No one was surprised to see Avatar and Up in the Air nominated for Oscars. What is surprising, perhaps, is that these two films offer unusually direct commentaries on the current political economy.
Avatar, at first glance, is a classic tale of colonial invasion. A white hero, a Marine named Jake Sully (one-time bricklayer, the Australian actor Sam Worthington) who lost the use of his legs in combat, agrees to be part of a “Blackwater” type military operation on the planet Pandora. Pandora, a place of fantastical, tropical beauty, is peopled by a race of gorgeous ten foot blue human-like aliens with long braids, called the Na’vi. A rapacious military operation is destroying their planet in pursuit of a priceless rock called “unobtainium.”
Sully joins the science mission on Pandora, which allows him to inhabit an avatar body and live among the Na’vi people. A beautiful young princess, Neytiri (African American actress, Zoey Saldana), teaches Sully to hunt, speak, and ride giant dragons. They fall in love, and the film climaxes in an epic battle between the literally tree-hugging Navi people and the metal-bound, corporate thugs who want to destroy them for profit.
Is Avatar a bizarro mashup of all things politically correct? Avatar has riled up conservatives across the globe. The Chinese government recently halted the showing of the 2D version of Avatar, where popular Chinese bloggers pointed out the connection between the displacement of the Na’vi by humans and the displacement of the Chinese people by the Chinese government and real estate developers.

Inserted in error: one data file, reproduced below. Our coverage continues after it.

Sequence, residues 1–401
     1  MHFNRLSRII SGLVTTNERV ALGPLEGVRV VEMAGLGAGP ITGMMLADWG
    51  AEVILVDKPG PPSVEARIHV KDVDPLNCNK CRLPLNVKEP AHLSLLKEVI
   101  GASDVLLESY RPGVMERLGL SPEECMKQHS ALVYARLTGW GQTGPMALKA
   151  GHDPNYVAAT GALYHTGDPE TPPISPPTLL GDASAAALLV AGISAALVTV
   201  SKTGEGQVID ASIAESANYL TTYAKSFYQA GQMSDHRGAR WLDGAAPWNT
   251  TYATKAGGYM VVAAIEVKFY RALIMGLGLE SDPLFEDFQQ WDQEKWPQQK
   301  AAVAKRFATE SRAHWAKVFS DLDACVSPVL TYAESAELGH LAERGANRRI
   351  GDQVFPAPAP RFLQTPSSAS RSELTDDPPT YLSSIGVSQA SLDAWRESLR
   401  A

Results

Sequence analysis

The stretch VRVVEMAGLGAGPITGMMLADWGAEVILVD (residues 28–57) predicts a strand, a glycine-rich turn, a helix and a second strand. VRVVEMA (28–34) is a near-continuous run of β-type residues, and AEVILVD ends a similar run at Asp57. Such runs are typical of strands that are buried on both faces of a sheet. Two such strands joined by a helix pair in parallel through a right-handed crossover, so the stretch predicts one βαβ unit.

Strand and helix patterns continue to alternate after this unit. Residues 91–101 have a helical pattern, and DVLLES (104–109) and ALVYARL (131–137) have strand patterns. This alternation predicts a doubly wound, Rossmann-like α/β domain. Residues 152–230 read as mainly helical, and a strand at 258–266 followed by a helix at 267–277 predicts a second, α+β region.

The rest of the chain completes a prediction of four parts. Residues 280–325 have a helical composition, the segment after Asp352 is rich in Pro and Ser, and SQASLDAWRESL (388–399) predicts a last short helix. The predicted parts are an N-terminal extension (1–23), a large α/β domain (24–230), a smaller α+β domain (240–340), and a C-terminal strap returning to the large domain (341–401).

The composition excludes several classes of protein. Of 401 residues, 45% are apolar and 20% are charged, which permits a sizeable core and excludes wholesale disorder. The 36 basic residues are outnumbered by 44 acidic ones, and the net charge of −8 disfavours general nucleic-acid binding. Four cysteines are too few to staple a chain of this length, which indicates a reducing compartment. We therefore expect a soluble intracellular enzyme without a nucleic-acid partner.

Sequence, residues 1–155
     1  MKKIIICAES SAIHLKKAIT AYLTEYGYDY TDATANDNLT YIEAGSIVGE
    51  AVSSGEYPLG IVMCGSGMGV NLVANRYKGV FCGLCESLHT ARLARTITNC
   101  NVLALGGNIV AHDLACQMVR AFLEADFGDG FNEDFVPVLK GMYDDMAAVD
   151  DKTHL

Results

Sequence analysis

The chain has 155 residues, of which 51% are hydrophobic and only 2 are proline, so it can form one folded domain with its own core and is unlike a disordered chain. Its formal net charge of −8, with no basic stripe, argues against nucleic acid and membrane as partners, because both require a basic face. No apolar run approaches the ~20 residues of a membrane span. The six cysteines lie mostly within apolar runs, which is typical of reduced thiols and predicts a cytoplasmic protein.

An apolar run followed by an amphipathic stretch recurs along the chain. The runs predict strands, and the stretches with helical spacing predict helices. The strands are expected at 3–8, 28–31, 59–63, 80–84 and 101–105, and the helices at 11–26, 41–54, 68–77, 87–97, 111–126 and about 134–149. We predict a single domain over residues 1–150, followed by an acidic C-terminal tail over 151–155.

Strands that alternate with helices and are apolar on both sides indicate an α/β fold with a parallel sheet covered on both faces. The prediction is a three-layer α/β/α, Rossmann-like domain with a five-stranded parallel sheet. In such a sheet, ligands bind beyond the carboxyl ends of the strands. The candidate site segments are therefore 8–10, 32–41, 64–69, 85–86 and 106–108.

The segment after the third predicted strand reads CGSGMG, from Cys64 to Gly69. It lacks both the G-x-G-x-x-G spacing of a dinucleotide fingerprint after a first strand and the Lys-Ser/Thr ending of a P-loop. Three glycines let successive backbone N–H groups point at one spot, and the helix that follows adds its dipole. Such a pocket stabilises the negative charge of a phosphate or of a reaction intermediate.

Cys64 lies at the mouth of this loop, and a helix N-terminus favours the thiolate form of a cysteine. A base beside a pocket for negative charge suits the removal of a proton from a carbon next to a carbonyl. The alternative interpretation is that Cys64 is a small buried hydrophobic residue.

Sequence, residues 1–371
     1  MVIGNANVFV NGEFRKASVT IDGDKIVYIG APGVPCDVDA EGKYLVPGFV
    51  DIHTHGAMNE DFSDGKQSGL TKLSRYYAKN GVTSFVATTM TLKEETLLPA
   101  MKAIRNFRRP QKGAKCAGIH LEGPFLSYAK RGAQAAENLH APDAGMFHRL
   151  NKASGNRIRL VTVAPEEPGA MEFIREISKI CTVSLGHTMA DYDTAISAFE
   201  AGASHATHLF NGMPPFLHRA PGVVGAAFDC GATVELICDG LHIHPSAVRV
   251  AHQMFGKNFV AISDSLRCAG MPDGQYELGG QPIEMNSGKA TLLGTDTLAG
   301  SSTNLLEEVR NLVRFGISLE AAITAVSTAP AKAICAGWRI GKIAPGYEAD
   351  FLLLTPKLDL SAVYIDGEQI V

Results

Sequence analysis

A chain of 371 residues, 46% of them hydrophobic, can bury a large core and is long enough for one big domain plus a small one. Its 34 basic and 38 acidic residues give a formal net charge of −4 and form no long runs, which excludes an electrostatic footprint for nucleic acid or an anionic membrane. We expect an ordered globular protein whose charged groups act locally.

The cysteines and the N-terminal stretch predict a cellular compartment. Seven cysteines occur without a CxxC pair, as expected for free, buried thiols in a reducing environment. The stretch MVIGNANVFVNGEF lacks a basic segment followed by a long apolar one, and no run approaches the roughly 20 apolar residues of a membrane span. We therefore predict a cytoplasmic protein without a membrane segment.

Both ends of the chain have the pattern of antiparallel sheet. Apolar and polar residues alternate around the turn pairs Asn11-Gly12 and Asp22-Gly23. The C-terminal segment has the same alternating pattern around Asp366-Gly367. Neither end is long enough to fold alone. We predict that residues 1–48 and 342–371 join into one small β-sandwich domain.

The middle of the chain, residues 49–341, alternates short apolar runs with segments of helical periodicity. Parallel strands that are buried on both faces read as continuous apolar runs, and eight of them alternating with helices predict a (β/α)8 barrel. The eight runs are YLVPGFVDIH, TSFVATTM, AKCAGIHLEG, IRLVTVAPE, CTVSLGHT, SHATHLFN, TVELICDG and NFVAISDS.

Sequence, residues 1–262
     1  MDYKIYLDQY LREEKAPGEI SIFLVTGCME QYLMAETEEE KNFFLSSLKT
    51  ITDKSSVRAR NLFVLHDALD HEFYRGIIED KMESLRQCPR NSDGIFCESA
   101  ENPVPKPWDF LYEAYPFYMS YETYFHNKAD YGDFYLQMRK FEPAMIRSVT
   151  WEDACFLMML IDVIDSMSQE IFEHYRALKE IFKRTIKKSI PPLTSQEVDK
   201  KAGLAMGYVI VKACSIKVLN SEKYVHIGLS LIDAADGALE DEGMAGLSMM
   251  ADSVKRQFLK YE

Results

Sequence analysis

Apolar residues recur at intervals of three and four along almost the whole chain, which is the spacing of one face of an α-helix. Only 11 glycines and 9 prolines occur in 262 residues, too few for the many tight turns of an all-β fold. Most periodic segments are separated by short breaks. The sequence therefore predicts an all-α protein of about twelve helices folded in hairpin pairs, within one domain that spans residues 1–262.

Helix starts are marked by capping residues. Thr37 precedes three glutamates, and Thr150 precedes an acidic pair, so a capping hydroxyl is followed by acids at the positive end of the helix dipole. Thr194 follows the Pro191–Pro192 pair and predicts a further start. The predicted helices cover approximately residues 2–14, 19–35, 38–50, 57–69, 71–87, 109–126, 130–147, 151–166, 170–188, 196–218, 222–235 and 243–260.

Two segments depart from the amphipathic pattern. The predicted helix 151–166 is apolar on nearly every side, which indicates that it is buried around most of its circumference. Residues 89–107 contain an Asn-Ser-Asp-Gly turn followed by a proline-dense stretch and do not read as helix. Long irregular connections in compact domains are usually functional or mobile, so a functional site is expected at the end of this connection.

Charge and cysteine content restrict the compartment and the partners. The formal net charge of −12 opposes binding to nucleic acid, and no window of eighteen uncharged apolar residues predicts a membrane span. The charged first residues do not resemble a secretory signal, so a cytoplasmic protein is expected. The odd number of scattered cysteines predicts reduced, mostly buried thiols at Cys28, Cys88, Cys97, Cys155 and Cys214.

The Weekly Standard attacked the film for “its mindless worship of a nature-loving tribe ….its hatred of the military….and the notion that to be human is just way uncool.” The Vatican slammed the film for promoting the worship of nature (as opposed to God).
But beneath the colonial exploitation and the eco-worship, however, lies Cameron’s critique of the American government’s failure to provide adequate healthcare for veterans. Jake Sully, who is paralyzed from the waist down after a military tour of duty in Venezuela, joins the Pandora mission in large part because he wants a new pair of legs. Back on earth doctors have the technology to make him walk again, but Sully can’t afford the procedure. Sully’s mission commander promises him that if he betrays the Na’vi people and helps the mission get the unobtainium that he finally get his legs.
At the end of the day Avatar is not particularly radical, but it is surprisingly political for a blockbuster of such magnitude. Cameron makes a broad plea for economic as well as ecological justice. In addition, with the crudely drawn but still sympathetic Jake Sully, Cameron hints that our recent wars in the Middle East are class wars, in which working-class soldiers trade their limbs, and, sometimes, their lives, for financial security. It hardly seems fair—not in 2026, and not now.
Up in the Air is Jason Reitman’s recessionary romantic comedy about a people who spend a lot of time breathing in the recycled air on jumbo jets. Ryan Bingham (George Clooney) is more at home in first class at 30,000 feet than he is in his barren apartment in Oklahoma. Bingham works for a company that fires people for a living. He spends a good portion of the film sitting across from nicely dressed, white-collar workers, telling them to see their layoff as a chance to finally pursue their dreams. It’s a hollow message, but Bingham insists that if people have to be fired, he might as well do it with dignity.
Bingham also flirts with dignity, as he pursues Alex Goran (Vera Farmiga), a woman who similarly spends her life on the road. Bingham also develops a mentor relationship with a young co-worker, Natalie Keener (Anna Kendrick). A know-it-all fresh out of Cornell’s business school, Keener wants to turn Bingham’s job into a virtual one. She thinks that people can be fired just as easily with a video conferencing system. Bingham sees his air born freedom under attack, and he takes her up in the air to show her the importance of firing people face to face.